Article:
From Story Idea to Basic Story Elements
You’re listening to the radio; talking to your friend; overhear a conversation in a café; read an intriguing fact. All of a sudden an idea comes. You wonder what if. The idea strikes.
How do you go about turning that idea into a story? The first step is to expand the idea.
You hear Li’l Red Riding Hood (Sam the Sham and the Pharoahs (1966) Lyrics written by Ronald Blackwell.) on the oldies station and all of a sudden you decide to have a female protagonist. What kind of story do you enjoy reading? What types of films are in your library? In other words, what is your favorite genre? Action? Mystery? Psychological thriller?
Is Red going to be edgy and street smart, voluptuous and ready and willing, sleek and sultry? Is she naïve but smart? Lovable but needs protection?
Is the wolfish villain going to match her or be her opposite? Sophisticated and charming? A menacing gangster? A diamond-in-the-rough Harley rider? Maybe he rides an old Indian. Naw, not a villain. Does he keep his sheep suit on until the end, or does she know right away?
Where does the story take place? Is she in L.A. on her way to Ohio? Is it a historical piece? Maybe she really does live on a small farm near the woods. Does she hang out at jazz clubs in New Orleans and Grandma lives across Lake Pontchartrain?
And what about the Woodsman? How does she meet him? What does he look like? Is he a double-barreled hunk? Retiring and stoic but rises to the call?
And what about Granny?
Do you see how this process goes? Questions, questions, questions.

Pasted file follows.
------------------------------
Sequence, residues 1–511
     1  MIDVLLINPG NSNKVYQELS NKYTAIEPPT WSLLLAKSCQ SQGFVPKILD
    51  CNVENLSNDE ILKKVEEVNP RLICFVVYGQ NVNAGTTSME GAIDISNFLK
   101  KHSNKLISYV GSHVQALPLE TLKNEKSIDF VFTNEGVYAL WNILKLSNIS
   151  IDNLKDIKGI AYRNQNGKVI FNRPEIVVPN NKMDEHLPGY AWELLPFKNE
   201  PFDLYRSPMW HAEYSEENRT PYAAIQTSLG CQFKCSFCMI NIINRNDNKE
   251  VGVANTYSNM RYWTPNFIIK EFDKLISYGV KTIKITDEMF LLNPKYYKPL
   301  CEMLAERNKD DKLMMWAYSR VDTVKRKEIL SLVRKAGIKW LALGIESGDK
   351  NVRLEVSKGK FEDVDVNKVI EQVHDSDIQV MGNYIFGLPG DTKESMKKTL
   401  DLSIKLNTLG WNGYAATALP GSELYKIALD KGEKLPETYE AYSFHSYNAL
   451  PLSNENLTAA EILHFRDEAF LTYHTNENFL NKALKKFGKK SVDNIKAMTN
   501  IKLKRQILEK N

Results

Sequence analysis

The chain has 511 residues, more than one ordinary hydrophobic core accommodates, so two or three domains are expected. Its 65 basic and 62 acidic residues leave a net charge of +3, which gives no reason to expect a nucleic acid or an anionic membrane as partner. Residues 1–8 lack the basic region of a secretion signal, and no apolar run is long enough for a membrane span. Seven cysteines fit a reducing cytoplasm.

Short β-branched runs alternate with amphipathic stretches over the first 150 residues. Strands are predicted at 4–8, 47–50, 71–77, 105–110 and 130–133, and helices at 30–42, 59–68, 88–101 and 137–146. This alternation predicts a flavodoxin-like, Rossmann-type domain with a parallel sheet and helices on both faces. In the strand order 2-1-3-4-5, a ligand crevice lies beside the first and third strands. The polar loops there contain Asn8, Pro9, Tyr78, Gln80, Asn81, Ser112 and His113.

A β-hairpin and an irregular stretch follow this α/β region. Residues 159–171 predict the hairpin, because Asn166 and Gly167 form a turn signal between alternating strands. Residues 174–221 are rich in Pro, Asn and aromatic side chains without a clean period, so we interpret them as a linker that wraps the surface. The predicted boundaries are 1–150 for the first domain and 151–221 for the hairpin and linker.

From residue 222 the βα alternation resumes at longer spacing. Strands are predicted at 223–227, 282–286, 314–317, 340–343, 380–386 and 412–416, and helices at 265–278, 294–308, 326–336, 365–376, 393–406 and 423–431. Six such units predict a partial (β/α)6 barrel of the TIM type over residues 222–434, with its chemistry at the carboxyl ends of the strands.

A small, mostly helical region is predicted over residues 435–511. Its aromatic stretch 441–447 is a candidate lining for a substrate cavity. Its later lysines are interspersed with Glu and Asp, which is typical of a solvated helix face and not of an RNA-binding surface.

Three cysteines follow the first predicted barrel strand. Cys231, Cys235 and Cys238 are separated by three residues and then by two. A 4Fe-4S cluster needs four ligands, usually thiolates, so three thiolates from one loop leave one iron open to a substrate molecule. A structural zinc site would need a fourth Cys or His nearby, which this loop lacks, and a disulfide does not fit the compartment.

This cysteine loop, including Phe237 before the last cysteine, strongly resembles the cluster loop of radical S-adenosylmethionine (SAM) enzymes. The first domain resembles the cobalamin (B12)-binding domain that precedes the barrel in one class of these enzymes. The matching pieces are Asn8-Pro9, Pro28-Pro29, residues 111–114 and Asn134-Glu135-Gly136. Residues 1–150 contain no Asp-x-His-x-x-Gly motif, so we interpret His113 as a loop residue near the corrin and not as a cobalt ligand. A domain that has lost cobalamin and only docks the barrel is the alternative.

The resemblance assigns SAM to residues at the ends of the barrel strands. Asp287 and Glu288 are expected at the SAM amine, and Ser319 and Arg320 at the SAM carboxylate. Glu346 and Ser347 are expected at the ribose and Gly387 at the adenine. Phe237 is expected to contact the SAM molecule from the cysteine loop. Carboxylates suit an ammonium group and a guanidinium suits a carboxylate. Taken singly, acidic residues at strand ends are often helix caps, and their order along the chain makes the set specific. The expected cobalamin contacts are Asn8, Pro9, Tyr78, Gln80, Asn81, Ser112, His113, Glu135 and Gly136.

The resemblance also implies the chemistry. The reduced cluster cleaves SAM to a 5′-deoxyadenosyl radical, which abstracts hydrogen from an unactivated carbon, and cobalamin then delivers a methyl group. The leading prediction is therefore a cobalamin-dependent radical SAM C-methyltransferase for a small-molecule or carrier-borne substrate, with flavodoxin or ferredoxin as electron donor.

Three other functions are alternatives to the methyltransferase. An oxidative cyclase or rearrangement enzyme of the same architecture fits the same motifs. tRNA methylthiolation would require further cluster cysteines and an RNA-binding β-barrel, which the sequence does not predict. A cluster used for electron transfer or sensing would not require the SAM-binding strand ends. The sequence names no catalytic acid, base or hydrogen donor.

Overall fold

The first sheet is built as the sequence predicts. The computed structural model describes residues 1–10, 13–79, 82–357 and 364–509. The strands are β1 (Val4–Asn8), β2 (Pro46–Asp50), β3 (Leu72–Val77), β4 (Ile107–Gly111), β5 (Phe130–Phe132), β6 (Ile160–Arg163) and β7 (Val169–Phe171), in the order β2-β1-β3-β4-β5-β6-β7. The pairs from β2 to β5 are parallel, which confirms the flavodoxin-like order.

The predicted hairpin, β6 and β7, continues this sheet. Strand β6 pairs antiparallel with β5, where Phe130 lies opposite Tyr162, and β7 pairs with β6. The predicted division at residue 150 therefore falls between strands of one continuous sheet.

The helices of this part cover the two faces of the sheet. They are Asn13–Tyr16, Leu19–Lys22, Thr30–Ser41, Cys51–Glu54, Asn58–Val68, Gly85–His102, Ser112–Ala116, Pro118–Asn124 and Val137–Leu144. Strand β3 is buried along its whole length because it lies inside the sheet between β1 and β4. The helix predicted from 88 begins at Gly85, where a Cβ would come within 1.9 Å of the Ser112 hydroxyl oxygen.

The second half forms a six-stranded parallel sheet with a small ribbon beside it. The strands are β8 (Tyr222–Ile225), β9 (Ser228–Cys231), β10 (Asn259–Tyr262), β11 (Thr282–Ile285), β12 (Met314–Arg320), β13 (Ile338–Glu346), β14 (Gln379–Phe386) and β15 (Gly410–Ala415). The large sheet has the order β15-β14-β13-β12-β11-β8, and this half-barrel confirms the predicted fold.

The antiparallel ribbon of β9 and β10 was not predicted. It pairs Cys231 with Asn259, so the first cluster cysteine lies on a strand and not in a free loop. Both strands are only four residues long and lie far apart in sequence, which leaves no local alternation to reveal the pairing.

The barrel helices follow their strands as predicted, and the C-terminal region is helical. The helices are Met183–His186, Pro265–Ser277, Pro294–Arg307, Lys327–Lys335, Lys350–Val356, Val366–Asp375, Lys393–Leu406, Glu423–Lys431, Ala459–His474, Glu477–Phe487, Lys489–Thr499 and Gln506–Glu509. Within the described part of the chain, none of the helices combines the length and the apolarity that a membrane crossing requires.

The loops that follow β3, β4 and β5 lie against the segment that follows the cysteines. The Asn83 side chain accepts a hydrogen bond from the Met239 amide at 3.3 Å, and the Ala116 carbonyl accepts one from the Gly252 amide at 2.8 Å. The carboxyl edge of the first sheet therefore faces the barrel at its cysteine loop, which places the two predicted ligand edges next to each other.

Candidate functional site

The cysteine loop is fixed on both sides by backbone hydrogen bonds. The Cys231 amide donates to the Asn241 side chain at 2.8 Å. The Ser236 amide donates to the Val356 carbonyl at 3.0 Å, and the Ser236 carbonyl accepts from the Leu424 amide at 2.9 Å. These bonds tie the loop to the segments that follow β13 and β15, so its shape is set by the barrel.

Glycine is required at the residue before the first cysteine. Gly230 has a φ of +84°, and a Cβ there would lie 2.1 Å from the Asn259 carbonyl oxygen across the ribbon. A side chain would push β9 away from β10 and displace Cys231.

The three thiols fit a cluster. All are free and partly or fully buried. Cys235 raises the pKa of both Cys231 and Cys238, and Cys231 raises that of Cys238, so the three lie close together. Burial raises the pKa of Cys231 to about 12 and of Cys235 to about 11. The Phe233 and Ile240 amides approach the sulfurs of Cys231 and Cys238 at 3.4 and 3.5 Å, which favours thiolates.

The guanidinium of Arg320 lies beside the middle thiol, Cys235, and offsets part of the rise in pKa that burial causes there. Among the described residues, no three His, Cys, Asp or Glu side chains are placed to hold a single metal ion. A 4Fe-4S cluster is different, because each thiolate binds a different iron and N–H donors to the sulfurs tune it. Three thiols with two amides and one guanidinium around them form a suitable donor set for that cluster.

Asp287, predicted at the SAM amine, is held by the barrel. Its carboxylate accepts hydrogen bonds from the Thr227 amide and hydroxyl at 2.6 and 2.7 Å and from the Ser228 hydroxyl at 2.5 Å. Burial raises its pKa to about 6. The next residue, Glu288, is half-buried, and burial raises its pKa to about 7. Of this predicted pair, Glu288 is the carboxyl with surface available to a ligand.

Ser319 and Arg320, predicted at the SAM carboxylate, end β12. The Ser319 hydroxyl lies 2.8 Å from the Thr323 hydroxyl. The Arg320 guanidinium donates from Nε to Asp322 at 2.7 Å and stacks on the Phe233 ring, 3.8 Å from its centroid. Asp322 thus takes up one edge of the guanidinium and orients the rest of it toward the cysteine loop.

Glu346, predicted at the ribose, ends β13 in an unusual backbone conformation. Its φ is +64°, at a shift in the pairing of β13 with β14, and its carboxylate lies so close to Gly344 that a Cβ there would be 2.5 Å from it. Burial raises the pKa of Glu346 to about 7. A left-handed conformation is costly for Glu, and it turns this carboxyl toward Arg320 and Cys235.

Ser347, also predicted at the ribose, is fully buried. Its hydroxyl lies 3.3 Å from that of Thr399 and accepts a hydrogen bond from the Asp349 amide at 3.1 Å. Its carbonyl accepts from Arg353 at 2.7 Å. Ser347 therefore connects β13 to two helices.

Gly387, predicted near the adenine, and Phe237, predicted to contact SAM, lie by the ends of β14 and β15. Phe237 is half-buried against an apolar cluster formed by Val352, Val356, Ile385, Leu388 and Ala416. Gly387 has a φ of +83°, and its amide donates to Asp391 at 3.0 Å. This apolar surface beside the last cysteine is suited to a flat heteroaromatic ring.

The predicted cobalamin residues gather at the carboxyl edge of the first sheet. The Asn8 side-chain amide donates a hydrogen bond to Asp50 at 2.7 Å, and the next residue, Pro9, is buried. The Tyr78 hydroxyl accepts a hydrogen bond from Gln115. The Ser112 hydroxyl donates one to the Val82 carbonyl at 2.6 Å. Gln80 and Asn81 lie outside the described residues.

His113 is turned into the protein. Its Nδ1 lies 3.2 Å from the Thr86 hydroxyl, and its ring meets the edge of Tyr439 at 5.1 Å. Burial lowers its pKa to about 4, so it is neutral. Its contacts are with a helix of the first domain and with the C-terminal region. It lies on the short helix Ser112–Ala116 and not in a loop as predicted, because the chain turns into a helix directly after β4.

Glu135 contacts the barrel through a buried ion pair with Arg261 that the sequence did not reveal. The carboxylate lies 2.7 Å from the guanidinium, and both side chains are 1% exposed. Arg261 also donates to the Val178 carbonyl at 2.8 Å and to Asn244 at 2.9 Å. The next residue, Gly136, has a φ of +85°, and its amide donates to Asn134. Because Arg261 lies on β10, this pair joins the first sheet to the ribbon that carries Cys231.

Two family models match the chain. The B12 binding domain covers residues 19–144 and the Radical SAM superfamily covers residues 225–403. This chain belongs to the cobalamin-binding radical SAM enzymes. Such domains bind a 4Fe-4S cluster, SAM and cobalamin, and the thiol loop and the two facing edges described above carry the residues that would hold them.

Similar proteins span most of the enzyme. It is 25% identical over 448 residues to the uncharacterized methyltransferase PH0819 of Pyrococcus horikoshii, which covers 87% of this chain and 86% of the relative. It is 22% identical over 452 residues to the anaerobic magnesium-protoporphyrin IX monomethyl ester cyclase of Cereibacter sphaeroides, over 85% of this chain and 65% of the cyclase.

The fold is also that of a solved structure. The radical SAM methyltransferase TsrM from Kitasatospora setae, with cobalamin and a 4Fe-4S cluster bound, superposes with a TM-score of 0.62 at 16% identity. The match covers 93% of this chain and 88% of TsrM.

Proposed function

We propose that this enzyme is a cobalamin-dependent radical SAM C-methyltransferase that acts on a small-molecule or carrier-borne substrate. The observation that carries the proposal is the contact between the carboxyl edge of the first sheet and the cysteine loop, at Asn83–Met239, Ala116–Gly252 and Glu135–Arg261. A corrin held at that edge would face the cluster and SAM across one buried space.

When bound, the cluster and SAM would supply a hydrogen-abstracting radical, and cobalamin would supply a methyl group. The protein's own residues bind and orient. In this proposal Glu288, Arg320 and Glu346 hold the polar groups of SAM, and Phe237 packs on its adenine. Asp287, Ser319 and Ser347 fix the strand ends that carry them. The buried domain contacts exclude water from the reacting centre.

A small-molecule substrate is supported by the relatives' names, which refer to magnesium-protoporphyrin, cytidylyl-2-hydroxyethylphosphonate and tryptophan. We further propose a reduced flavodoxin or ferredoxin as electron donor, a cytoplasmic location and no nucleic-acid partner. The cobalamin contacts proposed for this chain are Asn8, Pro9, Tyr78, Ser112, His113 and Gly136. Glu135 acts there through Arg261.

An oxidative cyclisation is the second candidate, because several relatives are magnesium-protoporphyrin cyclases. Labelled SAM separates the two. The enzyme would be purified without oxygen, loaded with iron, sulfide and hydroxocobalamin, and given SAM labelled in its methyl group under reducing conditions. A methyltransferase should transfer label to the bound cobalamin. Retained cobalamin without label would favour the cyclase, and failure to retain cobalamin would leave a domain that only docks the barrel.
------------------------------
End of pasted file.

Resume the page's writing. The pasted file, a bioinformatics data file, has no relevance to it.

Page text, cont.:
Does Red actually get rescued by the Woodsman? Or, like some French versions of the folktale, does she get rid of the wolf by means of her own smarts?
At this stage, you just keep asking questions and coming up with answers.
When you are clear on all the various attributes, write it all out. You idea is now expanded into the basic elements of your story.
No process is carved in stone; every writer develops their own way of putting things together. But especially for a beginning writer, having a traditional process as a guideline at least gets you going.
Friday, March 27, 2015
Sunday, March 22, 2015
Writing a story is a test of your persistence.You may have writing talent and great creativity but to write a complete story (novel or screenplay) you need to work. You need to think of your process as work and act accordingly. Set a regular time to write at least six days of the week.
Be committed. In the best of all possible situations you will have no distractions or interruptions. Turn the ringer off on your phone. Email and social networking are definite come later activities. The hardest part will be to train your family and friends to wait until your declared work time is over. Yes, there are more steps after that first draft is written.
But first let’s get ready to begin writing the story.
- The Idea and the First Event
- People of the world—your story’s characters in broad strokes
- Research—the where and when
- Characters—the details
- Setting—the place(s) where your characters interact
- Scene Outline—all the possible scenes and how they are causally related
- Plot Outline—organizing the scenes into story form
But I want to write my story, you say.Doing these steps first will actually facilitate your writing. You’ll know every room in the courthouse; you’ll know which character has the scar over his eye and whether it is clear blue, green, hazel, or black. You will know how scene two sets the conflict for scene eight. And much, much more.
Your writing will flow. If you can’t wait, go ahead write one of your scenes. But just keep it on hold until you have done your background work. Be prepared. Along the way people are going to ask you, “You’re writing a screenplay/novel? How many pages have you written?” Instead of answering with a humbling one or three or maybe ten, cite the 120 pages of character delineation, or the 20 pages of settings. They are all part of the process. You will know that you are taking the necessary steps to write a professional piece.